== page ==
Many people may be wondering why the central authorities sent a team of senior officials in charge of Hong Kong and Macao affairs here to present and explain the outline of the 14th Five-Year Plan (2021-25), about six months after the country started executing it. In this author’s opinion, the central government is telling the Hong Kong Special Administrative Region to begin fully integrating its own development into the overall development strategy of the nation now by seizing the opportunities created by the 14th Five-Year Plan and taking full advantage of the strong support by the central authorities.
Xia Baolong, director of the Hong Kong and Macao Affairs Office of the State Council, has been pushing for this roadshow for quite some time now. In the past few months, he noted on multiple occasions that fully integrating its own development into the country’s overall development strategy is the best way for Hong Kong to put its unique strengths into full effect and thrive together with the Chinese mainland. In his speech at the start of the presentation on Monday, Luo Huining, head of the Central People’s Government’s Liaison Office in the HKSAR, pointed out: “The 14th Five-Year Plan has reaffirmed the new position of Hong Kong’s development in the national development strategy, with more policy support for the HKSAR than ever before. What Hong Kong society needs to do now is take further steps in fully integrating its own development into the national development strategy.” Apparently, the central authorities are concerned Hong Kong society is not moving as quickly as it should be and still has some way to go in connecting with the nation’s overall development strategy thoroughly and precisely.
One of the advantages of the country’s socialist system is the ability to “accomplish great things by drawing strengths and resources from the whole nation”. The practice of making and implementing a national development plan every five years is a perfect example of concentrating manpower, funding and materials on key areas of development. By doing so, China has developed one of the poorest countries in the world into the world’s second-largest economy over 13 five-year plan periods, or 65 years. Today, the nation is working toward achieving the development goals set in the 14th Five-Year Plan and Hong Kong is expected to play an important part in the process. The importance of Hong Kong’s participation in the 14th Five-Year Plan can be seen mainly from two perspectives:
One is its advantageous position blessed with the “one country, two systems” principle and serving as an irreplaceable link between the socialist mainland and the outside world dominated by developed capitalist economies. As a reasonably successful capitalist free-market economy, Hong Kong enjoys easier access to other capitalist markets and more experience in navigating the dangerous waters of international finance, trade and transportation. With its unique strengths, the city can help the country achieve the strategic goals in ways no mainland counterparts can in the foreseeable future.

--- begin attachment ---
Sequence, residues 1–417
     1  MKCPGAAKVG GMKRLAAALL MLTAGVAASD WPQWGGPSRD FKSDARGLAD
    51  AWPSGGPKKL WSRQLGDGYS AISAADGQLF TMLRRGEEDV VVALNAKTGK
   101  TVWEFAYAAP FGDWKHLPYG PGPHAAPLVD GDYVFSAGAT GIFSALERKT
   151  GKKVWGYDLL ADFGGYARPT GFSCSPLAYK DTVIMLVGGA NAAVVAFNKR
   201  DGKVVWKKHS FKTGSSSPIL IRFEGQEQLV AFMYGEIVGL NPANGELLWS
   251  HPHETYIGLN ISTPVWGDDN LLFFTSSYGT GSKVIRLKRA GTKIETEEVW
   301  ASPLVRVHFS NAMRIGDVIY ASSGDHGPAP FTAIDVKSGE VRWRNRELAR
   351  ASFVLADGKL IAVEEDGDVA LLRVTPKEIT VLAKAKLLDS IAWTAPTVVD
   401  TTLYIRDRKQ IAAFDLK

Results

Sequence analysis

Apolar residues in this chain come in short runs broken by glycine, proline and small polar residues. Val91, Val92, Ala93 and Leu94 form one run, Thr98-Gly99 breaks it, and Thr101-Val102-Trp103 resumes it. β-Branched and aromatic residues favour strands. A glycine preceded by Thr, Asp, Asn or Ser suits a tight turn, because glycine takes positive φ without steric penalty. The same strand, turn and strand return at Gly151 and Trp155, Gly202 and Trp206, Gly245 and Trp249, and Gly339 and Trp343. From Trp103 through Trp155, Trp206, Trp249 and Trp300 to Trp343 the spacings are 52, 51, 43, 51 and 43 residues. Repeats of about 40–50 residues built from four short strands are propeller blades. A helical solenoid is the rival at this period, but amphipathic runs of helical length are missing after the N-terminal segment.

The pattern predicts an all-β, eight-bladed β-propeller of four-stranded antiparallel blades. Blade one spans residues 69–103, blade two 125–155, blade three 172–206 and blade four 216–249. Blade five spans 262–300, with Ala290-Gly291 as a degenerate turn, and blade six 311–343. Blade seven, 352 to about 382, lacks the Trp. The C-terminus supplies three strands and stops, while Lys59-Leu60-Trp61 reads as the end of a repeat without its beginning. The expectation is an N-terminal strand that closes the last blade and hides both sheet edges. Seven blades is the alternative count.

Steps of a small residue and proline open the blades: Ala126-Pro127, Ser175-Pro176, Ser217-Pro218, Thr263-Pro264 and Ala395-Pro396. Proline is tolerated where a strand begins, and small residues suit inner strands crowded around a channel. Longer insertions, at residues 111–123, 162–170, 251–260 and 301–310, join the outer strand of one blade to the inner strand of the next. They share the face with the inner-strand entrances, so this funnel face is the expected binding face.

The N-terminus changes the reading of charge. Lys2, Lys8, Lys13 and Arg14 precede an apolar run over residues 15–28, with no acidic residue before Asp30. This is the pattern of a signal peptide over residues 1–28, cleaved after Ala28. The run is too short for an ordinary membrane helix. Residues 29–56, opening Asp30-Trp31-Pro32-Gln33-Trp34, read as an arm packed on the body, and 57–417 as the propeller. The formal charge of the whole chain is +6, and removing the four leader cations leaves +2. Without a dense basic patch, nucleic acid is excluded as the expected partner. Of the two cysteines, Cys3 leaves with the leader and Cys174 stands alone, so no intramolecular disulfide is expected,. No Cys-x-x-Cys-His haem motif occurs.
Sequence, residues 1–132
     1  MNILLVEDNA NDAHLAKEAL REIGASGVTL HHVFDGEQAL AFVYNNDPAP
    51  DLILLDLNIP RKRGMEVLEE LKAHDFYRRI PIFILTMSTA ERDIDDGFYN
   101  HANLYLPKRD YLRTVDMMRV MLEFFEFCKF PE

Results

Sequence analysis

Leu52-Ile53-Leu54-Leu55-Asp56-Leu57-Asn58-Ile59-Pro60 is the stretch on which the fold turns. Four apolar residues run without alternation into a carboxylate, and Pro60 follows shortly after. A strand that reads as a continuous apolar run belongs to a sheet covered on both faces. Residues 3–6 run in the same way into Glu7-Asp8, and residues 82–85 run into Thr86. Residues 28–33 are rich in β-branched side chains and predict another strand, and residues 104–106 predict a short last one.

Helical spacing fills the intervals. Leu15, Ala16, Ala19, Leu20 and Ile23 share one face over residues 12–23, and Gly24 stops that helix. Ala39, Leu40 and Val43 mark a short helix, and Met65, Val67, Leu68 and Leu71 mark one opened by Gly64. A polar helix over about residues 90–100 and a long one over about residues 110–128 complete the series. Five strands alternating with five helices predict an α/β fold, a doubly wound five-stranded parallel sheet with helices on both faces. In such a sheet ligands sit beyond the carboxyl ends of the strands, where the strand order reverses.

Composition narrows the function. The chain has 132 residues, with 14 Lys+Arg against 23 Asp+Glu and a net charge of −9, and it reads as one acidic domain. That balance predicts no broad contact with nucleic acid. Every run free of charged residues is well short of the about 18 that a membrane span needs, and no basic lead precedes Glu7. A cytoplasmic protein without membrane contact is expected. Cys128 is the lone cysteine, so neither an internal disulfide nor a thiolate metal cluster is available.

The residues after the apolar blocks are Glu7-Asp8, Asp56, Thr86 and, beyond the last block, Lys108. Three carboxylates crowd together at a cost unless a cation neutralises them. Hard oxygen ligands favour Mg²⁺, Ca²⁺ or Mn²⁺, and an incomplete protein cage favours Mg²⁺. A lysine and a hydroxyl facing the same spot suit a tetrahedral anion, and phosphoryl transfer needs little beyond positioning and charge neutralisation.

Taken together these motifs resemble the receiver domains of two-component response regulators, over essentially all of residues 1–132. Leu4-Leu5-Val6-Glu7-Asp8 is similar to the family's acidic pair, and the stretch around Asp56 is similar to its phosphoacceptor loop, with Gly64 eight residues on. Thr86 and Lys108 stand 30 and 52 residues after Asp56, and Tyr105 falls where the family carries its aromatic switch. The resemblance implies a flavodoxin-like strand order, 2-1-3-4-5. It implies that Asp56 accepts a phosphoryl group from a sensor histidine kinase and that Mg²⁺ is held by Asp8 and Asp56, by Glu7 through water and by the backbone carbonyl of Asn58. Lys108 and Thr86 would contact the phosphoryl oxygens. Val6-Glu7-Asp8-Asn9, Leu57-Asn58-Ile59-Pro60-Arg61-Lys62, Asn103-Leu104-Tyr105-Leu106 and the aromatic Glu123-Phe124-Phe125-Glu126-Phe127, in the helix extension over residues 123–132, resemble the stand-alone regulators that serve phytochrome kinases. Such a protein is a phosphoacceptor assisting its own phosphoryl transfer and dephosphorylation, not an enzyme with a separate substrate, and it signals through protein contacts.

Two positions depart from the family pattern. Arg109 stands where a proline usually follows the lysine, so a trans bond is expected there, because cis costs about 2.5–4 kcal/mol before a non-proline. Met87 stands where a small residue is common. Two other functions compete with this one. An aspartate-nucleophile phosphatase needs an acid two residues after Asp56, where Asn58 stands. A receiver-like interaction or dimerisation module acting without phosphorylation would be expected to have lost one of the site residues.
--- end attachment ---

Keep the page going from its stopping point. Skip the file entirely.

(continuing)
The other one is that Hong Kong must be an integral part of the national development strategy to thrive amid the profound shift in global power balance unseen in 100 years. Generally speaking, the world continues to feel the rise of the East and decline of the West, with China shining the brightest as the outstanding growth engine despite the crippling impact of the COVID-19 pandemic on the global economy. Hong Kong is now a free-market economy driven mainly by the modern services industry after its manufacturers relocated to the mainland in the 1980s and ’90s. Its sensitiveness to market mood swings works in its advantage and disadvantage at once, as a fast reflex also exposes vulnerability. In that sense Hong Kong cannot afford not to constantly tap into the national economy for market depth and development opportunities as well as an unmatched hinterland to fall back on. Looking ahead, Hong Kong has no choice but to step on board the national development fast train without hesitation and be an important driving force for the sake of its own future economic growth.
Hong Kong’s development has run into serious obstacles in recent years, especially deep-rooted structural problems as well as internal political sabotage and foreign interference, culminating in the “black revolution” from June 2019 through June 2020, compounded by the COVID-19 pandemic till this day. Thankfully, the Law of the People’s Republic of China on Safeguarding National Security in the HKSAR was enacted on June 30 last year and effectively ended months of social unrest, allowing Hong Kong to focus on combating the COVID-19 pandemic and economic recovery. There is no better time than now for the city to take a deep dive into the 14th Five-Year Plan for more development opportunities. To do so, the SAR government needs to draw up a development plan to take full advantage of the nation’s overall development strategy, beginning with the Guangdong-Hong Kong-Macao Greater Bay Area in conjunction with the Belt and Road Initiative. It must think beyond Hong Kong and become a part of the country’s “dual circulation” economic growth pattern, which requires a change of the old laissez-faire economic approach to accommodate policy adjustments. It should be more proactive than purely reactive and step up exchanges with the central government over development strategy, policies and measures to achieve better efficiency and results.
The author is a Hong Kong member of the National Committee of the Chinese People’s Political Consultative Conference and chairman of the Hong Kong New Era Development Thinktank.
The views do not necessarily reflect those of China Daily.
HONG KONG NEWS